Last reviewed 6 March 2018
On 15 January 2018, Exeter Crown Court fined CC Haulage & Sons Ltd, haulage and site clearance company, £14,000, and ordered them to pay £5000 costs, for dumping waste on Devon farmland. They were also subject to a £90,000 Proceeds of Crime confiscation order, bringing the total fine to £109,000. Polly Lord reports on the facts of the case.
CC Haulage & Sons Ltd is a family-owned and run company based at Manor Farm, Colebrooke, Crediton. The two directors are Colin Clarke and his wife, Deborah Clarke. They have over 25 years’ experience in muckaway and site clearance and supplying aggregate materials.
The court heard that in November 2016, the Environment Agency (EA) visited Beech Down Farm in Tedburn St Mary. They had become aware that waste was being tipped in a valley. Following investigation by the Agency, CC Haulage & Sons were found to have deposited 7820t of waste at the farm. Further inquiries revealed that excessive quantities of waste, mainly from building and construction sites, had also been tipped at three other Devon farms at Longdown, Exeter, Yeoford and Crediton. The offences came to light after the EA reviewed waste transfer notes that identified CC Haulage as the source of the excessive amounts of waste material.
Farmers are permitted to accept up to 1000t of non-hazardous waste, such as soil and stone, under an exemption. It is frequently used on farms to construct hard-standings, bases for buildings and tracks which don’t need an environmental permit. However, the investigation found that CC Haulage & Sons had financially benefitted by paying the farmers less to accept the waste than it was charging its clients to take the material away.
The defence for CC Haulage & Sons said that they had believed the farmers had the necessary permits to accept the waste from building and construction sites. They admitted however that they should have checked.
They were fined £14,000 and ordered to pay £5000 costs. Judge Geoffrey Mercer also imposed a £90,000 Proceeds of Crime confiscation order, requiring the company to pay back this figure from the profits it made from its criminal activities.
Judge Mercer said: “It is not entirely clear to me how the company were unclear about the limits.”
After the case, Richard Cloke of the EA said:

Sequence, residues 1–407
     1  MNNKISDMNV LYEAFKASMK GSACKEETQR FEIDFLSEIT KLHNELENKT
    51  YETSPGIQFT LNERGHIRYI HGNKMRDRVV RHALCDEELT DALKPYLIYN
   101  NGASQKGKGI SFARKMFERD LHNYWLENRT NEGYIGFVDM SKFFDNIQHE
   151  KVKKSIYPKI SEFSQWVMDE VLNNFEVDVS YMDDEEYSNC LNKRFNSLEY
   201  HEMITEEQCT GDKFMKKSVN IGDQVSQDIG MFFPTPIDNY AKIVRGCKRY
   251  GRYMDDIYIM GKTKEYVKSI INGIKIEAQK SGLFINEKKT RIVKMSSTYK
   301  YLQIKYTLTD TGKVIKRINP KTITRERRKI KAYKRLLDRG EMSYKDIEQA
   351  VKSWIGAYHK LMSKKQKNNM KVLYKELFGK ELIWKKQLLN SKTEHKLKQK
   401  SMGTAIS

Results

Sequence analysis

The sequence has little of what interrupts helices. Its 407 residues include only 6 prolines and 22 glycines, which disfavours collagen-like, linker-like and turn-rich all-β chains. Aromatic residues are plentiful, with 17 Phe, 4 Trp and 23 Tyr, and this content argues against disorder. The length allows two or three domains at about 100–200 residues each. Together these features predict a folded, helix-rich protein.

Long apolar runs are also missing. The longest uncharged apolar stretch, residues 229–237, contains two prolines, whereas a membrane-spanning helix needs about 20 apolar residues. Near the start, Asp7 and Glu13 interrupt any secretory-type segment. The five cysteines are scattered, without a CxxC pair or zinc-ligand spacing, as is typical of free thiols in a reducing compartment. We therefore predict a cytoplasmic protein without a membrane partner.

Haulage businesses must ensure they comply with the limits and conditions of environmental permits and exemptions. These are in place to stop the illegal deposit of waste, protect the environment and create a level playing field for the waste industry.
The prosecution raises two interesting features that waste suppliers must be aware of. First, is the nature of knowledge down the waste supply chain, particularly in relation to the procedure of exemptions.
The exemption concerned is U1 use of waste in construction. It is designed to enable suitable waste being reused, as opposed to using virgin raw material. It may be used for construction work, meaning building or engineering work — including repairing, altering, maintaining or improving existing work and preparatory or landscaping work. Land reclamation is only allowed when it is an integral part of the construction activity.
Working within the 1000t limit in relation to soil and stone, the exemption must still be registered to ensure compliance with other planning permissions or environmental permits. When the 1000t limit is reached, a standard permit for waste operations should still be sought.
As the EA website says:
A waste exemption is a waste operation that is exempt from needing an environmental permit. Each exemption has specific limits and conditions you need to operate within.
If you want to operate under a waste exemption you must register that exemption with the Environment Agency. If you don’t, you will not be exempt from needing a permit.
Each registration lasts three years. The registration will then expire unless you re-register the exemptions you want to continue to use.
Registering an exemption does not remove the need to apply for other permits or permissions. For example, you may need planning permission for your waste operation, or a water discharge permit.
While registration may be familiar to waste firms or haulage businesses, registering for an exemption may not be at the forefront of the minds of third parties, such as farmers. It is worth ensuring that exemption paperwork is up to date, even if it seems obvious.
Second, the court felt that the CC Haulage & Sons had deliberately sought financial gain. By imposing a confiscation order, it was intended that defendants were deprived of this gain resulting from their relevant criminal conduct. This is despite the admission that they ought to have checked the permits.
The case serves as an important reminder that the EA will not only pursue punishment for the offence itself but is also prepared to use confiscation orders to maintain standards across the industry.